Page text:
The pink color of fancy pink diamonds
is actually a light red. Different
tone levels of pink can be thought
of as similar to the colors achieved
by gradually adding water to a red
paint. When brown or orange overtones
are present, the purity of the red
is lost and the color's beauty is
A major cutting consideration
for many colored stones and fancy-colored
diamonds is the zoning of color in
the rough material. Many fancy-colored
diamonds are polished into fancy shapes
rather than round brilliants in an
effort to minimize weight loss to
the rough material, while simultaneously
making the color appear as deep as
possible. The cutter's skill is measured
by his ability to make the diamond's
color appear as deep and beautiful
as possible when viewed from above.
As long as imperfections do not severely
affect the beauty of the stone, color
is considered more important than
imperfections when establishing value.
The fancy pink diamond shown below
is from the Argyle mine in Australia.
Discovered in 1979, Argyle began commercially
significant production in 1983. Large-scale
development has continued since, and
by 1995 the mine accounted for 40
percent of total world diamond production.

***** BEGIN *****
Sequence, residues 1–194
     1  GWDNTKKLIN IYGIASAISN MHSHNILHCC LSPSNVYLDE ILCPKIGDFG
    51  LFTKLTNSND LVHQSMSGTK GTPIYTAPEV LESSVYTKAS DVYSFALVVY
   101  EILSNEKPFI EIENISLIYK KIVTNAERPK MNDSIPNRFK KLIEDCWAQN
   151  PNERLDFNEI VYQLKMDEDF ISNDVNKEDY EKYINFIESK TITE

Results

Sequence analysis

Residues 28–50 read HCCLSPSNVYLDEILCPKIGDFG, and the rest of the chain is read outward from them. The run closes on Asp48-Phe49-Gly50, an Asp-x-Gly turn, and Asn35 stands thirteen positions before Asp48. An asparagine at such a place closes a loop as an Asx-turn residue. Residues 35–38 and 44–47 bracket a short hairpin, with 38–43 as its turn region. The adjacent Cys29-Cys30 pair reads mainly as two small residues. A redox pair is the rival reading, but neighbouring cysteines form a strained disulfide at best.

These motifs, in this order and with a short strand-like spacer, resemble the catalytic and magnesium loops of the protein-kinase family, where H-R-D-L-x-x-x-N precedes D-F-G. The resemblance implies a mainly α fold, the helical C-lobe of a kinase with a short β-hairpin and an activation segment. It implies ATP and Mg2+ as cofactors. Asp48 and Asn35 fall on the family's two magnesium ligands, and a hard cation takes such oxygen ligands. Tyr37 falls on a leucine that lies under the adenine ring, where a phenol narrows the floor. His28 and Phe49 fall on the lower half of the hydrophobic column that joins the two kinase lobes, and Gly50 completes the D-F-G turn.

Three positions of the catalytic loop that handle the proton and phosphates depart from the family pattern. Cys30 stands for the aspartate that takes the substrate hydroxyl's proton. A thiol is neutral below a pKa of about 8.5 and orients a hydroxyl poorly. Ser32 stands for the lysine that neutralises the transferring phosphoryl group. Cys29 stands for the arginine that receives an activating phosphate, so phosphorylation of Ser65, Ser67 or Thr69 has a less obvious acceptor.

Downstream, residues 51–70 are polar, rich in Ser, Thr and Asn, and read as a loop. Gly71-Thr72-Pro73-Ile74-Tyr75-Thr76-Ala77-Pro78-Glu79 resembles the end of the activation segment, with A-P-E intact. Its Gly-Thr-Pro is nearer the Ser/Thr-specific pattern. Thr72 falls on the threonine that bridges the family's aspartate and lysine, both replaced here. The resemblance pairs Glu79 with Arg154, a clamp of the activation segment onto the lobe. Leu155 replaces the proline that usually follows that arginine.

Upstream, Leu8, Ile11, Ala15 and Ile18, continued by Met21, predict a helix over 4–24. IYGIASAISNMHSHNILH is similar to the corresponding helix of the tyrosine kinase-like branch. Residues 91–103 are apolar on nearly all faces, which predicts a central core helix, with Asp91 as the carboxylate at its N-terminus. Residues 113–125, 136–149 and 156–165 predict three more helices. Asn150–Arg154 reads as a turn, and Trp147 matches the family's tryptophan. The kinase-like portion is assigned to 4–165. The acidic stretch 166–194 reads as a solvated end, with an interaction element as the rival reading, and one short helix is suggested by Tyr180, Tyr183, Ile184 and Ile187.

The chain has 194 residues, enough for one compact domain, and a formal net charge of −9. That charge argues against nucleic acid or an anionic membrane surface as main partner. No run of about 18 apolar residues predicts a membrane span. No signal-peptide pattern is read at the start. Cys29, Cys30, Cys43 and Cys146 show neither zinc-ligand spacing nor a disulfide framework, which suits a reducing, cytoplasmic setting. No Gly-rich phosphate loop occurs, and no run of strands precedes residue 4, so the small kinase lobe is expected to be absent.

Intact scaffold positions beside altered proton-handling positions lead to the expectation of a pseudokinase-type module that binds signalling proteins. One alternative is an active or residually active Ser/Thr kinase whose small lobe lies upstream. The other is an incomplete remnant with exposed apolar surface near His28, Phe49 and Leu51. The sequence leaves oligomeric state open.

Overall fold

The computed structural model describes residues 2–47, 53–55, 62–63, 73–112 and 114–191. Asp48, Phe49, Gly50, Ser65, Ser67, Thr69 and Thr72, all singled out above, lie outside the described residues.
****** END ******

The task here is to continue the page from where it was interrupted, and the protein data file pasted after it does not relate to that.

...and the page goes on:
most of these diamonds are of low
quality, with many brownish diamonds,
Argyle accounts for only 5 percent
of world production in monetary terms.
Of the diamonds mined at Argyle,
rare fancy pinks are the most important.
Only small sizes are found there,
rarely exceeding 1.5 carats before
cutting, but these stones have had
an immeasurable effect in raising
consumer awareness of fancy-colored
diamonds since the 1980s. The Argyle
material has a characteristic purple-pink
color with strong bluish overtones.
Although the fancy pink diamond
shown in the photograph on the next
page is light in color, it has
a beautiful "cherry-blossom"
color. The balanced pink and white
mosaic pattern seen in this photograph
exemplifies the beauty of fancy pink
diamonds. This diamond's precise
cannot be determined, but it is probably
from India, Brazil, Tanzania, Zaire,
Angola, Russia (the Arkhangelsk mine
near the Finnish border), or the
mine in South Africa.